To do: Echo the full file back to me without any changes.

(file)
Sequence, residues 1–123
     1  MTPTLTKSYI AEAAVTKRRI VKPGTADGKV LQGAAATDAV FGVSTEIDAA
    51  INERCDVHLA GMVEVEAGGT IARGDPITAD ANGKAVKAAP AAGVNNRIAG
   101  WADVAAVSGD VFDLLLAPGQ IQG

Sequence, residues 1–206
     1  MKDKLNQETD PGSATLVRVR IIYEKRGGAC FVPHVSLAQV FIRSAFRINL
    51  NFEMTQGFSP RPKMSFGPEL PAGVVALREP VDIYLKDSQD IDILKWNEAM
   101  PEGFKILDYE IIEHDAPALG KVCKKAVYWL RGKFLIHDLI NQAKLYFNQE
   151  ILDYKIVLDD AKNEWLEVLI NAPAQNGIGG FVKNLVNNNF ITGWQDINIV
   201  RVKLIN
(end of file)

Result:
Sequence, residues 1–123
     1  MTPTLTKSYI AEAAVTKRRI VKPGTADGKV LQGAAATDAV FGVSTEIDAA
    51  INERCDVHLA GMVEVEAGGT IARGDPITAD ANGKAVKAAP AAGVNNRIAG
   101  WADVAAVSGD VFDLLLAPGQ IQG

Sequence, residues 1–206
     1  MKDKLNQETD PGSATLVRVR IIYEKRGGAC FVPHVSLAQV FIRSAFRINL
    51  NFEMTQGFSP RPKMSFGPEL PAGVVALREP VDIYLKDSQD IDILKWNEAM
   101  PEGFKILDYE IIEHDAPALG KVCKKAVYWL RGKFLIHDLI NQAKLYFNQE
   151  ILDYKIVLDD AKNEWLEVLI NAPAQNGIGG FVKNLVNNNF ITGWQDINIV
   201  RVKLIN